Fanack Home / Israel-Gaza Brinkmanship Slips over the Brink

Israel-Gaza Brinkmanship Slips over the Brink

Translation- Israel Gaza
Palestinians run for cover from tear gas during clashes with Israeli security forces near the border between Israel and the Gaza Strip, east of Jabalia on May 14, 2018, as Palestinians protest over the inauguration of the US embassy following its controversial move to Jerusalem. Photo AFP

By: Michael J. Armstrong

The Israeli-Gazan conflict flared up dramatically recently when Gaza militants fired more than 460 rockets and mortar shells into Israel. Iron Dome interceptors shot down about 100 of the projectiles, while most of the rest landed in open fields. But 30 hit populated areas, killing one civilian and injuring 55 more.

The barrage was the largest since 2014. It brought Gaza’s year-to-date total to 1,124 rockets and shells fired.

Israel responded by bombing 172 Hamas and Islamic Jihad targets in Gaza. About 15 Palestinians died and several buildings were flattened.

The exchange of blows was surprising in one sense: thanks to Egyptian mediators, the two sides had seemed close to negotiating a truce. That’s despite their seemingly incompatible demands regarding military security, economic activity, and prisoner exchanges.

But in another sense, the abrupt switch from ceasefire to gunfire was predictable. Both Israel and Gaza have been relying on brinkmanship in dealing with each other. And that bargaining strategy always poses risks that the situation can slip out of control.

Brinkmanship hits and Misses

Brinkmanship is a powerful but risky strategy for resolving disputes. The United States used it successfully during the 1962 Cuban Missile Crisis. It forced the U.S.S.R. to back down and avoided a nuclear war. But not before the Soviets shot down an American spy plane and nearly torpedoed a warship.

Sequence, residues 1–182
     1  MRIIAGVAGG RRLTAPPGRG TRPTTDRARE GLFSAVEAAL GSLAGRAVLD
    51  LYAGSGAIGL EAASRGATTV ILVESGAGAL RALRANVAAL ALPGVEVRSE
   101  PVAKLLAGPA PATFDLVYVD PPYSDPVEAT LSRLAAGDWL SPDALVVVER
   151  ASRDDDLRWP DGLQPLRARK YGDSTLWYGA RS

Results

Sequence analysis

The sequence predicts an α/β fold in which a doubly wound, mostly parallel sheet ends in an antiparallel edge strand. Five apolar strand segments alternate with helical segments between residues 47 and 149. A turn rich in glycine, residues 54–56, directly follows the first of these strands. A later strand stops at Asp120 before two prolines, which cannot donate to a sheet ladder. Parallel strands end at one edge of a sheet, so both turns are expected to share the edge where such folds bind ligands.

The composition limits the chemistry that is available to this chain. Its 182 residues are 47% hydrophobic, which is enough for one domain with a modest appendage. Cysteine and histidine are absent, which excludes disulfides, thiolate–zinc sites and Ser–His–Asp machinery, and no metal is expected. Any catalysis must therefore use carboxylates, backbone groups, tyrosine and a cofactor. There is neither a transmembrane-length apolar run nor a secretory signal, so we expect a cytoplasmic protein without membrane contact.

The strategy was less successful during America’s 1981 air traffic controller strike. During that labour dispute, neither the controllers’ union nor President Ronald Reagan would give in. When Reagan ultimately fired the strikers, 11,000 lost their jobs and airline flights were disrupted for months.

Mutual Threats

The Israel-Gaza situation similarly involves each side using brinkmanship to pressure the other. Like the historical examples above, this one displays several key features.

First, if the two sides don’t eventually reach agreement, they’ll suffer a disaster both wish to avoid.

Regarding Israel and Gaza, both want to avoid a full-blown war like 2014’s Operation Protective Edge. If one erupted, Israel’s interceptors and civil defences would limit its casualties from Gaza’s estimated 20,000 rockets and shells. But such a conflict would still cost its economy several billion dollars, like Protective Edge did.

Israeli airstrikes and artillery would meanwhile devastate Gaza’s already-weak infrastructure. A ground invasion might even topple the Hamas government.

Inching toward Disaster

Translation- hamas
Palestinians run for cover as smoke rises following an Israeli air strike on a Hamas post, in the northern Gaza Strip on February 6, 2017. Photo AFP

A second feature of brinkmanship is both sides deliberately inch toward that mutual disaster. Each proclaims its determination and willingness to approach the brink. Each hopes the other will concede first.

Gaza firepower escalations demonstrate this progression. Militants there began using to burn Israeli crops in April. In May, they fired 188 rockets and shells, the first significant barrage since 2014.

Explosives-laden balloons joined the fire-carrying ones in June. In July, sniper fire killed the first Israeli soldier near the border in four years. More rockets have since followed.

Israel’s responses intensified correspondingly. It initially dealt with flaming kites by intercepting them. In June it began firing warning shots near the kite-launching teams. It started targeting them directly in July, resulting first in injuries and then a death.

Airstrikes, such as the 50 tons of bombs dropped July 14, were initially used only after rocket attacks. But they became common retaliation for kites too.

Losing Control

Brinkmanship’s third feature is a growing risk of losing control. Both sides may fully intend to stop short of disaster. But they know it’s increasingly likely they’ll accidentally slip over the brink.